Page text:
The Catholic Diocese of Cheyenne has settled in its favor its lawsuit against the federal government regarding the "contraceptive mandate" that has been argued in the courts for five years, Bishop  Steven Biegler said.

"We really saw it as an issue regarding religious liberty, so we saw the settlement as a victory for religious liberty," Biegler said.

The lawsuit was settled in October, he said.

The conflict began with the passage of the Affordable Care Act in 2010 and its scheduled implementation in July 2014 with the requirement that employers offer health insurance, and many insurance plans included contraceptive services.

That put the Catholic Church in the position of possibly having to participate in third-party insurance plans that offered those services, and therefore placed a substantial burden on its free exercise of their religion under the First Amendment, he said.

Parishes were exempt from the contraceptive mandate, but the Catholic Church has numerous organizations that aren't technically churches including schools, colleges, religious orders and charitable organizations.

Those organizations were not exempt, and the U.S. Department of Health and Human Services tried to propose inadequate compromises, Biegler said.

"They were offering, what they called, in quotes 'accommodations,' to appease those organizations, but they weren't really stepping back from those organizations having to basically support through insurance plans, insurance plans that really went against our teaching," he said.

Courtesy, Diocese of Cheyenne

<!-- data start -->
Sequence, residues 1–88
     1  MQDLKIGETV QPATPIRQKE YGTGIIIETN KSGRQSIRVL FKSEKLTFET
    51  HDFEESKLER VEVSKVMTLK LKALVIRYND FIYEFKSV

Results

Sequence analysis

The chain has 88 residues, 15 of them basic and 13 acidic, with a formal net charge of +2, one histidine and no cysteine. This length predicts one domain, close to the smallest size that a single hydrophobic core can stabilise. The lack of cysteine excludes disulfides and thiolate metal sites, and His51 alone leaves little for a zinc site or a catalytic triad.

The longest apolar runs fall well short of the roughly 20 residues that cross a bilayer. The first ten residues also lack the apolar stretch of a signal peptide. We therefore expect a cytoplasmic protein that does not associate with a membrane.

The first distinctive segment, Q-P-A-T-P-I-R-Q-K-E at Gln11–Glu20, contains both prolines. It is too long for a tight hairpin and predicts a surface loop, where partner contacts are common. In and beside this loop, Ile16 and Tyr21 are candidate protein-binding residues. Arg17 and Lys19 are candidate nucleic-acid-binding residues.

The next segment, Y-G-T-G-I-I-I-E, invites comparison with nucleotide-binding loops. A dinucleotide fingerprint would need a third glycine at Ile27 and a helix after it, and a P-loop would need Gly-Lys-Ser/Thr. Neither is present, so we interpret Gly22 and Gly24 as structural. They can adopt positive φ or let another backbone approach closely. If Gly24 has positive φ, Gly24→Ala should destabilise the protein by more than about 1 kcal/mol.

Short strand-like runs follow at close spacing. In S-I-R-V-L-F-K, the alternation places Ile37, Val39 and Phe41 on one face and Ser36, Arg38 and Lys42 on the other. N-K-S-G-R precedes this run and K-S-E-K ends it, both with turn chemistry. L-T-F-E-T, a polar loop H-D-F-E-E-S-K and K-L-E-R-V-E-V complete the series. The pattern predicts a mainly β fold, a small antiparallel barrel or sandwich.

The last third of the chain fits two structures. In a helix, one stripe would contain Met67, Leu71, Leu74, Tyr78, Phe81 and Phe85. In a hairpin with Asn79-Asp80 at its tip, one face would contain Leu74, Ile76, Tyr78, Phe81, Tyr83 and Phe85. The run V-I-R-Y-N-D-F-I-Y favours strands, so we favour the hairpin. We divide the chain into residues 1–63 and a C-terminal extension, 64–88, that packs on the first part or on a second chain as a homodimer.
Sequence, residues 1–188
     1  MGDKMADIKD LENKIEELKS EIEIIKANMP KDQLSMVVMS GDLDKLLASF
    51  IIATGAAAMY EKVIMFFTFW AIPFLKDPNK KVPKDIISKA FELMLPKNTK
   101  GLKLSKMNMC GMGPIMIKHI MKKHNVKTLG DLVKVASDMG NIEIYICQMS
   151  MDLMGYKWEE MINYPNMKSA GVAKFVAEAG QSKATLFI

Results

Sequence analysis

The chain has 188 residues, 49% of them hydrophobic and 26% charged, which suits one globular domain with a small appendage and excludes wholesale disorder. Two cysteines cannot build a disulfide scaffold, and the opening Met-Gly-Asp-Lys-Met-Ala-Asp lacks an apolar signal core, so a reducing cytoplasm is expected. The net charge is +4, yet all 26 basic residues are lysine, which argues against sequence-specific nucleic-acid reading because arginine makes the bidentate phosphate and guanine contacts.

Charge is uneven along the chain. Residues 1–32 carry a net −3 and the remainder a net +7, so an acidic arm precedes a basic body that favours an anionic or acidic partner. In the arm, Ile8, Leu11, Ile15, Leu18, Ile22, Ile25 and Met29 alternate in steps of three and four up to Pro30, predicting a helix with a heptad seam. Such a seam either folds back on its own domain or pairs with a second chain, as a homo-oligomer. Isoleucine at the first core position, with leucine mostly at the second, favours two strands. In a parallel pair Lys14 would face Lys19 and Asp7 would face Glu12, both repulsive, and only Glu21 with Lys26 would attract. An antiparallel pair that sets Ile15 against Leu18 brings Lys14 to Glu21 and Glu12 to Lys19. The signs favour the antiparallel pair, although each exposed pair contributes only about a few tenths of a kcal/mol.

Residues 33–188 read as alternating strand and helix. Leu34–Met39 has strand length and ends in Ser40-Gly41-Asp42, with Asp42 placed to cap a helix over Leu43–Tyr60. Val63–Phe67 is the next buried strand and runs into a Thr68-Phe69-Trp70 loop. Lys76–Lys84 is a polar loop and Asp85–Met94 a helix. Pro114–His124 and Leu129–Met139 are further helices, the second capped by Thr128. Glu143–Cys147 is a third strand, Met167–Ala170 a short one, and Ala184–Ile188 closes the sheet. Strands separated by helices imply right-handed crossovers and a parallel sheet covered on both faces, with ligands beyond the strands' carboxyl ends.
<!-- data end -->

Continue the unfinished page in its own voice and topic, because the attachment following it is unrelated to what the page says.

Courtesy, Diocese of Cheyenne

The "contraceptive mandate" also included contraceptive services that would include abortifacients -- drugs that induced abortions, Biegler said. "It not only went against what we teach against contraception, but what we teach regarding abortion and really a number of other issues."

In January 2014, the diocese and other plaintiffs -- St. Anthony's Tri-Parish School in Casper and the Wyoming Catholic College in Lander, St. Joseph's Children's Home in Lusk, and Wyoming Catholic Charities -- sued the Department of Health and Human Services.

In March 2014, the diocese filed a motion for an injunction in Wyoming federal court to block the ACA's scheduled implementation in July 2014.

In April 2014, the American Civil Liberties Union said religious organizations have religious liberty, but they do not have the right to discriminate against women.

ACLU attorney Jennifer Horvath said the ACA does not substantially burden the diocese's practice of religion, because it allows them to object to third party insurers providing contraception.

Instead, the Catholic organizations are pushing another agenda, Horvath said. "This really isn't about religious freedom. It's about denying women's access to health care."

In June 2014, the U.S. Supreme Court cited the 1993 Religious Freedom Restoration Act in its 5-4 ruling that closely held corporations with religious objections were not required to participate in the contraception mandate.

Last month, the federal government announced new regulations that provide broad protections to religious organizations opposed to the contraceptive mandate.

Soon after that, the Diocese reached a settlement agreement with the U.S. Department of Justice.

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